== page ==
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'West Beirut' 

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West Beirut.

Troubled Youth

Coming of age in war-torn 'West Beirut'

By Nicole McEwan

IT IS POSSIBLE to be nostalgic for life during wartime--if you're lucky enough to have survived it, suggests former Tarantino cameraman Ziad Doueiri. West Beirut, his first feature, ranks as one of the most assured directorial bows in recent years. Set in Beirut circa 1975, the emotionally authentic coming-of-age tale follows two teens, Tarek (Doueiri's brother Rami) and Omar (Mohamad Chamas) as they navigate their newly divided birthplace. The frequently farcical, often tragic results offer a 3-D primer on the absurdities of war.

Doueiri's clear-eyed tone is established in the film's opening scene, in which Tarek creates chaos at the tony French school he attends. As his priggish teacher leads the students in singing the French national anthem, Tarek grabs a bullhorn, climbs the stairs to the roof, and begins singing a patriotic Lebanese song.

On the way to the principal's office the young rebel watches as a busload of civilians are massacred by terrorists. It is April 13, 1975, and Tarek's childhood, like the lives of the innocents within his gaze, has just come to an end.

A lesser filmmaker might have had overplayed the boy's reaction. Doueiri cannily recognizes Tarek's sheer inability to process what he has just seen. At 14, he is naturally out of touch with the idea of mortality. Instead of panicking, he is coolly nonchalant--it's almost as though he watched the slaughter on TV. Moreover, war means no school. And to a restless teenager that can only be a good thing.

Freed from his studies, the alternately shy and bombastic Tarek spends his days cavorting with Omar, whose slight stature, incessant smoking, and paranoid nature remind one of a diminutive Ratso Rizzo. The friends engage in universal teenage activities. They listen to records, ride bikes, fall in love with a girl (Rola Al Amin), and ogle beautiful women, particularly Omar's aunt, an especially lustful specimen. When the pair take covert home movies of her most alluring features, the quest to get the film developed puts them in some dangerous situations.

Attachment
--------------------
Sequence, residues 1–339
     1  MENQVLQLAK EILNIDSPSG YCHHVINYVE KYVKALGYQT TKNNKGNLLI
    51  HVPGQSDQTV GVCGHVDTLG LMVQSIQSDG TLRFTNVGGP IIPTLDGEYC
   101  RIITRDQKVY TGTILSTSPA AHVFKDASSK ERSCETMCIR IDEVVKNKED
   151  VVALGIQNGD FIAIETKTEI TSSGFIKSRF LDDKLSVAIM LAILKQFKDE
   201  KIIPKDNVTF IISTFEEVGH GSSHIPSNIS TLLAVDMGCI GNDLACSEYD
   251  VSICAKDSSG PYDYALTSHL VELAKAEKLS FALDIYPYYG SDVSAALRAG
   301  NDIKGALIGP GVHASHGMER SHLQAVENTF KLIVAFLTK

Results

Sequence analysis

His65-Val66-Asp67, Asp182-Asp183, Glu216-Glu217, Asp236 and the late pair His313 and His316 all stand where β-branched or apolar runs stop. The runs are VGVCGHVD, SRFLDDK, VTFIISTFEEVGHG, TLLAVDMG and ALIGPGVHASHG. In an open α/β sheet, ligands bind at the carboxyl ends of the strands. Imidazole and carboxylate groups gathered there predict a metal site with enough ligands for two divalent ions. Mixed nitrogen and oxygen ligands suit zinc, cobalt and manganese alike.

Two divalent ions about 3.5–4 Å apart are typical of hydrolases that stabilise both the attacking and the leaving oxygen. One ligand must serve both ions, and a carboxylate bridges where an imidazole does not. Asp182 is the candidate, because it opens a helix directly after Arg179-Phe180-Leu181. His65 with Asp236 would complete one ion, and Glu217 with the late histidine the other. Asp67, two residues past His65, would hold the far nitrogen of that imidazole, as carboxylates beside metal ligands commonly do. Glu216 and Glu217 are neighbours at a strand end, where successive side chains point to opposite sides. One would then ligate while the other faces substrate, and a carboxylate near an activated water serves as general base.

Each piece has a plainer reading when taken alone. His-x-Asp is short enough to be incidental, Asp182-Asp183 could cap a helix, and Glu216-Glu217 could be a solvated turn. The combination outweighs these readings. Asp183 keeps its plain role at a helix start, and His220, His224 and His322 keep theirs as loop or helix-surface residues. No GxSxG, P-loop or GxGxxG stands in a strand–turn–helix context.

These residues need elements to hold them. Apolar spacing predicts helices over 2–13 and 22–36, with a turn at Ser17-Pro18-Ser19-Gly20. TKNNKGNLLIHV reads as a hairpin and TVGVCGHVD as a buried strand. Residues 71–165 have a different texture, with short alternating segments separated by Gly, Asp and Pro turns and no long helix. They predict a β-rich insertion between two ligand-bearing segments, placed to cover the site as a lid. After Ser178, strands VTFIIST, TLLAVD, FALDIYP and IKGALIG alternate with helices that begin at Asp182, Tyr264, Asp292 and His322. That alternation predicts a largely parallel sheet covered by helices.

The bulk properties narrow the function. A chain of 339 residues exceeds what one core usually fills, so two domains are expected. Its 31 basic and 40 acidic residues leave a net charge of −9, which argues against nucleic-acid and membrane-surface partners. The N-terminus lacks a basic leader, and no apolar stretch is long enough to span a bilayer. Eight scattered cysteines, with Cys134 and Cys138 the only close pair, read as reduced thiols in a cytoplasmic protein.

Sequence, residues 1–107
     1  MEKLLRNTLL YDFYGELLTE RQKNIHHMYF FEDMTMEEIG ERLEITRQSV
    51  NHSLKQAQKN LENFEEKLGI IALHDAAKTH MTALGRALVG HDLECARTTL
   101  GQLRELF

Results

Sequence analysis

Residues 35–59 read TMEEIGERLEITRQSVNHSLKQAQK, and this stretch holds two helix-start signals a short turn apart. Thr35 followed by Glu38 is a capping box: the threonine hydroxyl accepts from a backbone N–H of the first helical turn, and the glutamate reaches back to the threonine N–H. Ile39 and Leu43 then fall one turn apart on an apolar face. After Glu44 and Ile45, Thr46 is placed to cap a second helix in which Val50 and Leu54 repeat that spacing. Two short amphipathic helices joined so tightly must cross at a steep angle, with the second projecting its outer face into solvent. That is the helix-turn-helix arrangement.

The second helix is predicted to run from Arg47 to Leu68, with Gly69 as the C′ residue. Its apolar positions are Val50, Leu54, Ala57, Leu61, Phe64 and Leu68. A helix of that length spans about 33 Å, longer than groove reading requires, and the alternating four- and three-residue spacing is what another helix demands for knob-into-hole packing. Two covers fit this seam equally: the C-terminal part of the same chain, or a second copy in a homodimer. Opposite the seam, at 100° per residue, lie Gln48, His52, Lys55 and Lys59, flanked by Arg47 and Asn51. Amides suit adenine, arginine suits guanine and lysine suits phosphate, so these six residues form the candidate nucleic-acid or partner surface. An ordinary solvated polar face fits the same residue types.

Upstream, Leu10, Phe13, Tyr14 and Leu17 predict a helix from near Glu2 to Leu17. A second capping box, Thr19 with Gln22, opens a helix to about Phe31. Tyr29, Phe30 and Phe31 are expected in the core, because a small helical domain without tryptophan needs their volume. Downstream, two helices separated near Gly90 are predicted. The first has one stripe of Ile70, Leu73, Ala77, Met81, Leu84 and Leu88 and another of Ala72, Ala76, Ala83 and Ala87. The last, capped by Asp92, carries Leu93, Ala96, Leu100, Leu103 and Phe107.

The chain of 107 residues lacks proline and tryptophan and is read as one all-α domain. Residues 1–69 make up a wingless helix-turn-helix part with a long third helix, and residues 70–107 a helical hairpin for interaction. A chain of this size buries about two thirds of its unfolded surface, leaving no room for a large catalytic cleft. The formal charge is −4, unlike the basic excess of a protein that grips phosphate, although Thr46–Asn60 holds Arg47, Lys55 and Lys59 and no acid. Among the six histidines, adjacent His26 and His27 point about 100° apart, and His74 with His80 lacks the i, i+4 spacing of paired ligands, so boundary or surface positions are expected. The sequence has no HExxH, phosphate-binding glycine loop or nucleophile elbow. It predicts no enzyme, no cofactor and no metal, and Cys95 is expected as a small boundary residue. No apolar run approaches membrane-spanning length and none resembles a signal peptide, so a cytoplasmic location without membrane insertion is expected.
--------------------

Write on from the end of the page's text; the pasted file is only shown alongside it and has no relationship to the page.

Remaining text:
These include a trip to Zeytuni, the bombed-out nowhere land between the Christian-controlled east and the Muslim-controlled west. Among the rubble is a brothel, and the utter irrationality of war is highlighted by the fact that the house of ill repute operates as a peace zone where johns check their machine guns at the door.

Like many directorial debuts, West Beirut was made on the cheap, a limitation that probably inspired the film's casual, neo-documentary assembly and contributed to its ragamuffin charm.

It is not a perfect film, however. The ending in particular lacks power and closure. Still, the film's charismatic performers (many of them non-actors), naturalistic cinematography, and the director's own admission that the story is "90 percent" autobiographical leave a lasting impression.

Thematically, West Beirut bears a notable resemblance to classics like Truffaut's The 400 Blows in its portrayal of the spiritual resourcefulness of children trapped by tragic circumstance. This resonance is heightened by Chama's real-life identity: offscreen, he's a homeless war orphan.

West Beirut screens on Friday, Nov. 5, at 6:40 and 9 p.m.; on Saturday and Sunday, Nov. 6-7, at 2, 4:20, 6:40, and 9 p.m.; and Nov. 8-10 at 6:40 and 9 p.m. at the Rafael Film Center, 1118 Fourth St., San Rafael. 415/454-1222.

From the November 4-10, 1999 issue of the Sonoma County Independent.

© Metro Publishing Inc.

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